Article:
ASC weekend activities included more short course opportunities for attendees with courses entitled “Detector Magnets,” “Accelerator Magnets,” “LTS Magnets” and “Power Devices.”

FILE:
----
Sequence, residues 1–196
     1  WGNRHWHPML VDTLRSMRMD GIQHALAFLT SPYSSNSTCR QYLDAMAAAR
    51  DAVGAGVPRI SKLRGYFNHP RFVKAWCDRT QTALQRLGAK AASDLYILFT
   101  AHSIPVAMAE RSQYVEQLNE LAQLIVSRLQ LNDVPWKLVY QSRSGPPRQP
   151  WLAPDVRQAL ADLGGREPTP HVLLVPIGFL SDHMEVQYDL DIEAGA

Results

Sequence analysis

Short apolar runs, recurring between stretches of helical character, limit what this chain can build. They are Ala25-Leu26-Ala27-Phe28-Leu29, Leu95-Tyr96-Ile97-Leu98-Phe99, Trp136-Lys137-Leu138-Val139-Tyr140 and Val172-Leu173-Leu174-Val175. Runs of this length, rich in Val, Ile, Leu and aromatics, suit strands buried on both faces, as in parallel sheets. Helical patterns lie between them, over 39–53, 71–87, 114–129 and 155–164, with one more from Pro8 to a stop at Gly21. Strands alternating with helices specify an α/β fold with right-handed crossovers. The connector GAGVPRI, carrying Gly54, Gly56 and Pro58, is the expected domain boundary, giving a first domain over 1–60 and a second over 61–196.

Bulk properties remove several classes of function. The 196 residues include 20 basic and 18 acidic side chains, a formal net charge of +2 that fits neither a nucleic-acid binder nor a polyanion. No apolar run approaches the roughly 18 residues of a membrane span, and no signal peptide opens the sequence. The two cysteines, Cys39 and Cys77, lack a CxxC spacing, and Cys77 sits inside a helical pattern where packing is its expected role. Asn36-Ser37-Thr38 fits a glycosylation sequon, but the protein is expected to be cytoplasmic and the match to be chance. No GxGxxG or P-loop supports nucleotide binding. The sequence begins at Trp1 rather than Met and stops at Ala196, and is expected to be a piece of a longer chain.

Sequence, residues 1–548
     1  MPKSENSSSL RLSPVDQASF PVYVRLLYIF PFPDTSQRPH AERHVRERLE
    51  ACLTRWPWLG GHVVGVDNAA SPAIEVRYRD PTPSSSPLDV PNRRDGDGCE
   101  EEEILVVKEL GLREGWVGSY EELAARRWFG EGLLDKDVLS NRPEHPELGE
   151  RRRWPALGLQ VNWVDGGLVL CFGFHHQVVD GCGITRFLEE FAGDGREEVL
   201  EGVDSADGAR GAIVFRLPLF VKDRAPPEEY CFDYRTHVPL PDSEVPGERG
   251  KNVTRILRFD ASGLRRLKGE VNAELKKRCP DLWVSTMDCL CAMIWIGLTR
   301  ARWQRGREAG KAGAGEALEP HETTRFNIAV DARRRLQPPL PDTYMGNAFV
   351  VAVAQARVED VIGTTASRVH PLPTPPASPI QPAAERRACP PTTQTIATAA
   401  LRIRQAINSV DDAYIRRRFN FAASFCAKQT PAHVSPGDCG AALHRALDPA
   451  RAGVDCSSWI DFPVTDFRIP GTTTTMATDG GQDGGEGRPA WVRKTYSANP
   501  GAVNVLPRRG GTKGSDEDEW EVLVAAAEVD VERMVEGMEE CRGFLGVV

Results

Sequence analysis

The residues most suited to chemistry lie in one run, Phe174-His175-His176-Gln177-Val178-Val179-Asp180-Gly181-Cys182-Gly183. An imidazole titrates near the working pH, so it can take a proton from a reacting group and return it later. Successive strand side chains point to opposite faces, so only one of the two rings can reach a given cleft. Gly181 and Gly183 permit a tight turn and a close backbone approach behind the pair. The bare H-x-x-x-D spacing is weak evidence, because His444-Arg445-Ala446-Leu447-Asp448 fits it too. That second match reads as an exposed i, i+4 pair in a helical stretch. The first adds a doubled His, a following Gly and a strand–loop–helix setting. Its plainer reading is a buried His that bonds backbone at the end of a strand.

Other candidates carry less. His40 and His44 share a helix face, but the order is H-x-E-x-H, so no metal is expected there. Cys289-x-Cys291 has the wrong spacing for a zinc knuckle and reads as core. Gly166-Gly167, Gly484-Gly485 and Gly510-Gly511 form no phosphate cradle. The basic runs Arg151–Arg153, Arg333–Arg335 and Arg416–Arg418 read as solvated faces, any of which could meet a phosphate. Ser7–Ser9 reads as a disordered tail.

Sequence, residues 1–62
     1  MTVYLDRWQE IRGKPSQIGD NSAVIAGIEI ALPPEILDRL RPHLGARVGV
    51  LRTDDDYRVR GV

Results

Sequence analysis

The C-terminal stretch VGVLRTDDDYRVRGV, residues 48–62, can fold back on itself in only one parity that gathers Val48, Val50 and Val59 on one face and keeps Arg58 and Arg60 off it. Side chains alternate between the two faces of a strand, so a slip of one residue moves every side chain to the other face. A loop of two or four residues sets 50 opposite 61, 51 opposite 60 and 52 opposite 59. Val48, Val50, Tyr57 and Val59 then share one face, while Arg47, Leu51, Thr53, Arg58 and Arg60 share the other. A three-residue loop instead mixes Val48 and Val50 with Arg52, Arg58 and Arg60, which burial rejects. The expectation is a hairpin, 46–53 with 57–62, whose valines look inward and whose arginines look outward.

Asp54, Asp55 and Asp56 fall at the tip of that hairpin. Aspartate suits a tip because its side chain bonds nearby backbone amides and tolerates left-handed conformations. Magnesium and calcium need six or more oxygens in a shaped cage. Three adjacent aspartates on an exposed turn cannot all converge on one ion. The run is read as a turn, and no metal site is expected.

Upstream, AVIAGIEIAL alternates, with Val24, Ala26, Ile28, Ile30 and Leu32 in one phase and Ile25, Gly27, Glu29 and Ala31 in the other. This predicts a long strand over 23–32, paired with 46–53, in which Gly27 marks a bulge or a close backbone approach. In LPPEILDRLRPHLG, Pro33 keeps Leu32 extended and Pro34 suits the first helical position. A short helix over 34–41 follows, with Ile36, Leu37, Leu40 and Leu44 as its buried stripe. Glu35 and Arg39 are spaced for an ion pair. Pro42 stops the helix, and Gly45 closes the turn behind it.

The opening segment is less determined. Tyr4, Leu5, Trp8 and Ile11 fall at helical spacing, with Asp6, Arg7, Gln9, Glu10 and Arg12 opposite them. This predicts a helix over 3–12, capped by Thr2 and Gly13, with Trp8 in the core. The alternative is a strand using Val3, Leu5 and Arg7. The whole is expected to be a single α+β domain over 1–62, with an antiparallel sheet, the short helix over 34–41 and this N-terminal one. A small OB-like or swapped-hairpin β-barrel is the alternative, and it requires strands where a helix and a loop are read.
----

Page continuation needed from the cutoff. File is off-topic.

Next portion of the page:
Week two started with the IEEE REACH event, followed by the Interactive Student Career Event ELEVATE session, another round of oral presentations and the second event of Diversity in Science and Engineering. The week followed the normal format of plenaries, discussions, oral sessions and posters while Tuesday ended with another ELEVATE event with a second Student Career Event. Week two’s plenaries featured a presentation by Joanna Long, NHMFL, “Why NMR and MRI Need Ultrahigh Field Superconducting Magnets: A Biomedical Research Perspective—Sponsored by National High Magnetic Field Laboratory,” with speakers William Brey, FSU, and Ziad Melhem, Oxford Instruments NanoScience; William Oliver of MIT led the plenary on “Quantum Engineering of Superconducting Qubits and Quantum Computers—Sponsored by Bluefors Oy” with special speakers Track, and Sam Benz, NIST; and “Young Scientist Vision,” a nine-part plenary sponsored by Pennsylvania State University’s College of Engineering with speakers Tiina Salmi, Tampere Univerasity and Luigi Muzzi, ENEA.